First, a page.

Earlier this year I wrote about the possibility of status matching to Alaska Air’s Mileage Plan program. It’s a great little program, and arguably, the most rewarding in the industry once American moves to revenue based earn sometime in 2016. With Delta, United, and soon American moving their programs to a revenue based world, I couldn’t help but consider the possibilities with Mileage Plan. Frankly, I still am considering them, but for the moment, I am not requesting a status match with Mileage Plan. (Feature image credit: Shutterstock)
A certain percentage of my travel is obligated to two airlines, Delta and Southwest. As you know, I’m occasionally seen on an American jet too. Should I elect to credit to Mileage Plan, most of my Delta obligated travel will award 50 percent of miles flown, not counting any elite bonuses. Not horrendous, but not great. The remainder of my travel is personal, and up to me. Once upon a time I blindly booked the airline I flew most in order to make sure I reached my desired level of “elite” status. No more. In 2015 I started my own loyalty program, the MJ Personal Happiness fund. Price and schedule became my primary factors in travel purchases in 2015 with “loyalty” somewhere down the list. Ironically, with the money I’ve saved, I have been able to take advantage of several “Y Up” fares for pleasure travel allowing MrsMJ and I to fly in comfort without worrying about my minuscule to absolutely nonexistent upgrade chances in a first class monetized world.
Living less than 20 minutes from Delta’s largest hub means that I am going to fly Delta. Yes, I could credit those flights to Alaska Mileage Plan for now, making the idea of a status match worth considering. In truth, I fly Delta enough to routinely earn at least Gold Medallion without trying very hard, and Platinum Medallion if I think about it just a little. I value the perks of Medallion like Sky Priority, phone assistance, and at the Platinum level, service charge waived award redeposits. For the moment, perks win. Of course, I’ve managed to burn a few SkyMiles too. As I noted over at renespoints.com recently,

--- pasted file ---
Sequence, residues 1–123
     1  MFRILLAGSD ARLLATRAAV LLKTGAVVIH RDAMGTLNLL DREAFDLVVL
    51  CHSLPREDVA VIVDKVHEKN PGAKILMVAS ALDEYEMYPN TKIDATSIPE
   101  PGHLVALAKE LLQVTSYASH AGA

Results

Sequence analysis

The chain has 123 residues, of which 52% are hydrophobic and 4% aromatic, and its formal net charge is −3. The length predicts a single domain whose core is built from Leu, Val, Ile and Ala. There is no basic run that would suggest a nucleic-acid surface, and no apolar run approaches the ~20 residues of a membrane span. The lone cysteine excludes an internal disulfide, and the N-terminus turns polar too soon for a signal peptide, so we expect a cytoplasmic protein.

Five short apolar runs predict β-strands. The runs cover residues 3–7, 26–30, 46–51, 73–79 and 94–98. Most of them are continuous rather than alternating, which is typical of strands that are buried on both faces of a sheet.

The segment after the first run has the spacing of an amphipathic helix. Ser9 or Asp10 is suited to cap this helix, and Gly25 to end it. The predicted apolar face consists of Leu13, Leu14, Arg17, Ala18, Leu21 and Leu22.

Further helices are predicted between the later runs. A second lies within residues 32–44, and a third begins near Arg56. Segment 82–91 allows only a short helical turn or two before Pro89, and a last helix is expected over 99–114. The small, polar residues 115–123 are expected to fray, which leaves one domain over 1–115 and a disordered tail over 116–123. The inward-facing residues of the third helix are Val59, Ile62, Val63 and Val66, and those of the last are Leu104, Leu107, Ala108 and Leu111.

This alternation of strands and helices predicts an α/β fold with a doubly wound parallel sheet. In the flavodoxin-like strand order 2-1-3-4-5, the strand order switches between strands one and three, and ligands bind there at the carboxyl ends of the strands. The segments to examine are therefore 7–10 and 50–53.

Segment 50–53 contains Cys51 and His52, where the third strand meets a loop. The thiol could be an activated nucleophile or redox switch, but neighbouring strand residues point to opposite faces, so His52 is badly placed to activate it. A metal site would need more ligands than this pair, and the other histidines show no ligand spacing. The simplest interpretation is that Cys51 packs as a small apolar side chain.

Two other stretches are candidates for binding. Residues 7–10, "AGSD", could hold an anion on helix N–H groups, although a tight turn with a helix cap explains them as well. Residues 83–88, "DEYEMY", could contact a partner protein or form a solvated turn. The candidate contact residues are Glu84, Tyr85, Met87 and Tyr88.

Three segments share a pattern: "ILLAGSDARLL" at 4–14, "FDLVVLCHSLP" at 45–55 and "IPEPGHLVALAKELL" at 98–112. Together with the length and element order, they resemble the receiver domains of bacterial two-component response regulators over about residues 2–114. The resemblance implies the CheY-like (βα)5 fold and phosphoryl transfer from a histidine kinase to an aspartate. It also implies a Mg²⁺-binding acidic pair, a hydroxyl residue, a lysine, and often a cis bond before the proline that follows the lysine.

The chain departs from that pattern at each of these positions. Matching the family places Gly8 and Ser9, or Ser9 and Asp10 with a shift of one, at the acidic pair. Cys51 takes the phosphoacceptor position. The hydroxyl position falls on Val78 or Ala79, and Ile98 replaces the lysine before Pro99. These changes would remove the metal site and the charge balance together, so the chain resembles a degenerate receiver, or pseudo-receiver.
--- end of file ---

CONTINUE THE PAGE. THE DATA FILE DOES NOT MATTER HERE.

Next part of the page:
“….the Delta flight experience (from people to ops reliability to inflight hard and soft product) edges out AA IMHO. That coupled with the fact that for the time being, I live less than 20 minutes from Delta’s largest hub likely means that I will continue to fly Delta, even with what probably is an inferior mileage program. In 2016, it becomes relatively less inferior to AAdvantage, all else being equal.
If, as I expect, I’m ultimately living in an AA hub again, I’ll be a full-time AAdvantage player. I’m close enough to 2 million miles to make it worthwhile. If things like that don’t matter to a flyer, Alaska remains an option for now, especially if you’re the type who buys first class tickets.”
In the end, my decision not to match from SkyMiles to Mileage Plan was based on unanswered questions about career and location more than anything else. If there are big changes in that regard this year, I could find myself in an AA hub again, or there’s the outside chance that I could be in a region where Alaska Airlines is a viable option for me in ways other than crediting miles. In other words, I don’t want to waste long term opportunities on short term annoyances with individual programs. Then again, I could be living in Atlanta for a long time, and I’m OK with that. In the end, Delta runs a pretty decent airline and I don’t mind flying them. For the time being, I’m not making any rash changes in my loyalty focus, and that includes the MJ Personal Happiness Fund too.
Where will your loyalty be in 2016?
-MJ, December 22, 2015